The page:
Suppose that $U(r,\theta),V(r, \theta)$ are continuously differentiable functions on some polar rectangle $R = \{(r, \theta) \colon r \in (a,b), \theta \in (\theta_1, \theta_2) \} \subseteq \mathbb{R}^2.$ Furthermore, assume that $U$ and $V$ satisfy the polar Cauchy-Riemann equations in $R$:

$$rU_r = V_\theta, U_\theta = -rV_r.$$

If we now view $R$ as a subset of $\mathbb{C}$ rather than $\mathbb{R}^2$, we can define the function $f : R \to \mathbb{C}$ by $f(re^{i\theta}) = U(r, \theta) + iV(r,\theta).$ Prove that $f$ is analytic on $R$.

I am linking this problem to a previous post: Proof of Cauchy Riemann Equations in Polar Coordinates. I believe I am asking a similar question. However, to my best knowledge, the answers to the linked post actually establish the converse of my statement above. That is, they show that analyticity of $f$ implies that these polar Cauchy-Riemann equations are satisfied.

Here's what I have so far: I do know that a function $f(x + iy) = U(x,y) + iV(x,y)$ is analytic when its real and imaginary parts are continuously differentiable and satisfy the rectangular Cauchy-Riemann equations $U_x = V_y, U_y = -V_x$. The proof I have seen of this fact comes from Stein, and the key to the argument is to expand $U$ and $V$ via Taylor's formula for $C^1$ functions. That is, for a point $(x_0, y_0) \in \mathbb{R}^2$, we can write:

$$U(x,y) = U(x_0,y_0) + U_x(x_0,y_0)(x - x_0) + U_y(x_0, y_0)(y - y_0) + R(x,y),$$

and a similar formula for $V(x,y)$. Here, $R(x,y)$ is a remainder term with $\frac{R(x,y)}{|(x,y) - (x_0,y_0)|} \to 0$ as $(x,y) \to (x_0,y_0)$. I'm wondering if there is some way I can adapt this proof from Stein to the polar case?

Hints are solutions are greatly appreciated.

  • 2
    $\begingroup$ CR-equations in rectangular/polar coordinates are really the same equation except that they are in different coordinates. So the result for rectangular coordinates already imply that for polar coordinates. $\endgroup$ – user27126 Jan 21 '13 at 2:22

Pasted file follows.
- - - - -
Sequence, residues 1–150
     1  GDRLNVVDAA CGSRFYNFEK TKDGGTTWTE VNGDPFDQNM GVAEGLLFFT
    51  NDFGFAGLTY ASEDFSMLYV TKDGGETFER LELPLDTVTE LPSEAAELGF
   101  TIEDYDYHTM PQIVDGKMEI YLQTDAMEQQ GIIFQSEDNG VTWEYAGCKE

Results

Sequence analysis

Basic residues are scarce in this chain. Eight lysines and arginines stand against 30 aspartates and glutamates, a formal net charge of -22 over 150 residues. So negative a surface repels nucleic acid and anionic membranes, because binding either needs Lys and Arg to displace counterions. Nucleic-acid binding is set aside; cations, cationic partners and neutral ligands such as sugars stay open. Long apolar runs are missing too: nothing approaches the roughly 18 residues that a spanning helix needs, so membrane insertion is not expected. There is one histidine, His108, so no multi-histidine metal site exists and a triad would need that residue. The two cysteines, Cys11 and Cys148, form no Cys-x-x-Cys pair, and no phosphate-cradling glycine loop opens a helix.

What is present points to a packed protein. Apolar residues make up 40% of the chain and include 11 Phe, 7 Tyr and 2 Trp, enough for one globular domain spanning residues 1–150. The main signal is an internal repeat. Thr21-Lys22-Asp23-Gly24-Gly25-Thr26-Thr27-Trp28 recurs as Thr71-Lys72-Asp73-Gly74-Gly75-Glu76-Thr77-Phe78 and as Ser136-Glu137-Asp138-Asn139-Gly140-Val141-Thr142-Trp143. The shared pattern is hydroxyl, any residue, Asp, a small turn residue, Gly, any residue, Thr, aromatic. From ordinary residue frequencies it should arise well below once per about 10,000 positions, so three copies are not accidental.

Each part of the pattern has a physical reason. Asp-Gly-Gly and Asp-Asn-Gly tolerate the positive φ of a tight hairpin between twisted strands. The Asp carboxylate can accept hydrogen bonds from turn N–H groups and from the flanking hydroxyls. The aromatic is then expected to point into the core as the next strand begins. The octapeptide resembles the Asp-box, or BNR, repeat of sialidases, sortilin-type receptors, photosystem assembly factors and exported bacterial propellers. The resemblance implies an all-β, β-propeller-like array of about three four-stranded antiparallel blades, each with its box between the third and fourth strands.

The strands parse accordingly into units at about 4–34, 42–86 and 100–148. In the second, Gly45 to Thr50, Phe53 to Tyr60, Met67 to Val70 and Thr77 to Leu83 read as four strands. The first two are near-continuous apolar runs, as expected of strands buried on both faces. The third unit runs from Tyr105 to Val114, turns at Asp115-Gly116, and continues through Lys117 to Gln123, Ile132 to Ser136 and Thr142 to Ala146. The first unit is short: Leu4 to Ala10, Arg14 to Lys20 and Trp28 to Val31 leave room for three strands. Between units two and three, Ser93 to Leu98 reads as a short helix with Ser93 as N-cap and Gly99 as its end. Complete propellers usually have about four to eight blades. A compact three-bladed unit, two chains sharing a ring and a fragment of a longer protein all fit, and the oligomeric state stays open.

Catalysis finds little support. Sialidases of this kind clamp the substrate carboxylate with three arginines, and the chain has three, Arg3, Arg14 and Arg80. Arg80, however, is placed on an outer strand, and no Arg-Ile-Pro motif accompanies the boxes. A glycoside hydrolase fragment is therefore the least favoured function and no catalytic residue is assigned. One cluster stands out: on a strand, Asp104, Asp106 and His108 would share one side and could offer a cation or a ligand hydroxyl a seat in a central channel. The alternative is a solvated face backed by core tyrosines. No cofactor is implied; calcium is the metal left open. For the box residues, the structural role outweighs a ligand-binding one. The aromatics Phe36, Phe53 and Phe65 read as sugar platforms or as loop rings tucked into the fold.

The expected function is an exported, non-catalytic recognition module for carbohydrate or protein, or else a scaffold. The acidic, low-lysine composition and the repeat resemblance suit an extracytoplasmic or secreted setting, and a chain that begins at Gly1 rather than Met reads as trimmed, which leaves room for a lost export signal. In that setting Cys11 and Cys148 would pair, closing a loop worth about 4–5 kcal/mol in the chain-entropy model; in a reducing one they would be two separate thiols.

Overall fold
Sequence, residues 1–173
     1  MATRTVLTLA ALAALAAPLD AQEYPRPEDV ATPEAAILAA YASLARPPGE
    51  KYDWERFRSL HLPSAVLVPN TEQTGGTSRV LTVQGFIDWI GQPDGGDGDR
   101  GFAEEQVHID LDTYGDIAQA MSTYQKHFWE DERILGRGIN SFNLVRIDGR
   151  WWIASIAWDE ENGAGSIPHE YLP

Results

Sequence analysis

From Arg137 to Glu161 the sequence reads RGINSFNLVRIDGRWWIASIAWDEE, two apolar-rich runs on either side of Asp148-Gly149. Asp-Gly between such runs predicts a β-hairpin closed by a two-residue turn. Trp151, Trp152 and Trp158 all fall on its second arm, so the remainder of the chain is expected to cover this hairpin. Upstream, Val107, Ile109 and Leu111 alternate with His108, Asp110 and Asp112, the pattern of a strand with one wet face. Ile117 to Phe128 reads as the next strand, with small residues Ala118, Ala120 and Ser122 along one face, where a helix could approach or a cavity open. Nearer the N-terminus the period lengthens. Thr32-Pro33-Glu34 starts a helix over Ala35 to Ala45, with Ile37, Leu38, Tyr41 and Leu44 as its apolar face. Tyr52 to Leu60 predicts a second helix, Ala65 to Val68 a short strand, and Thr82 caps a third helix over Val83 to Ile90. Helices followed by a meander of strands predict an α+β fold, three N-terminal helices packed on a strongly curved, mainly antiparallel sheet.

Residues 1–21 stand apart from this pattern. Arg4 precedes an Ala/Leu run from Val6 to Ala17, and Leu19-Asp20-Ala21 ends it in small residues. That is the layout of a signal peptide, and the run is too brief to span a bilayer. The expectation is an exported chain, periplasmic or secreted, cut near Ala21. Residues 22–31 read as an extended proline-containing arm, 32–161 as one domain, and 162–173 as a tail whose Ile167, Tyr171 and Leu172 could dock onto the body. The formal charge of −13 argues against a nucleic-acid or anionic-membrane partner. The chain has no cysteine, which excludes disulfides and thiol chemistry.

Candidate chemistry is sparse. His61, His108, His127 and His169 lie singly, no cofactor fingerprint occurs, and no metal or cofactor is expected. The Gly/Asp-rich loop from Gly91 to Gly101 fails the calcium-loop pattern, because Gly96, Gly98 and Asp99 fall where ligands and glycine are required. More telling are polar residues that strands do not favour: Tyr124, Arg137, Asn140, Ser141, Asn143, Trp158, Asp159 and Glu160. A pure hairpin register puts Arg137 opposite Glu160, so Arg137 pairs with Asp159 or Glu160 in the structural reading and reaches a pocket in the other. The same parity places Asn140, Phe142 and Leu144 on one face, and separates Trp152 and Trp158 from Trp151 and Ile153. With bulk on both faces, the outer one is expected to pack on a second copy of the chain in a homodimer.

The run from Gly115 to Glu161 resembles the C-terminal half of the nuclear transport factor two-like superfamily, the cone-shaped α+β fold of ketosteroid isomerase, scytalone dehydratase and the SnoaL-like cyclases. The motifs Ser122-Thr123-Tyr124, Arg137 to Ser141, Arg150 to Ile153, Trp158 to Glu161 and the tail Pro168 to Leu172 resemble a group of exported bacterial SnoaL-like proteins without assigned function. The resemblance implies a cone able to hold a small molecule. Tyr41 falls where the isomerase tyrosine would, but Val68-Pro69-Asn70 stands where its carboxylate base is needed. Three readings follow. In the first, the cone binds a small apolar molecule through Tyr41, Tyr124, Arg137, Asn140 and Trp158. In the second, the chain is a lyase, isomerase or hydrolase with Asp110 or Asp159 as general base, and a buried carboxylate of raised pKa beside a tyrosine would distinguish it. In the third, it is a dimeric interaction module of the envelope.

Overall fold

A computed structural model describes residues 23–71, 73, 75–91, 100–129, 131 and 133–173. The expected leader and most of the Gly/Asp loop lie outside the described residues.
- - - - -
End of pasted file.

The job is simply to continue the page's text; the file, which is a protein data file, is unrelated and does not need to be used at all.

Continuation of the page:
Here's the Taylor expansion approach. First, we need a linear algebra fact:

Any $\mathbb R$-linear map $T:\mathbb C\to\mathbb C$ can be written as $Tz=\alpha z+\beta\bar z$ for some (unique) $\alpha,\beta\in \mathbb C$.

Uniqueness should be clear, and existence follows by first writing $T(x+iy)=\gamma x+\delta y$ with complex $\gamma,\delta$ and then replacing $x=(z+\bar z)/2$, $y=(z-\bar z)/(2i)$.

This linear algebra fact is worth remembering, as it simplifies various computations in complex analysis.

Back to the problem. The first-order real Taylor expansion of $f$ at a point $z\in\mathbb C$ takes the form $$ f(z+h)=f(z)+\alpha h+\beta \bar h+o(|h|) $$ and we want to show that $\beta=0$ here. The equations you are given say that $r f_r + i f_\theta = 0$. Write $h=r e^{i\theta}$, and take the derivatives of $\alpha h+\beta \bar h$: $$ \begin{align} f_r &= \alpha e^{i\theta} + \beta e^{-i\theta} \\ f_\theta & = \alpha ir e^{i\theta} - \beta i r e^{-i\theta} \\ rf_r+f_\theta & = 2\beta r e^{-i\theta} \end{align} $$ Thus $\beta=0$ as desired.


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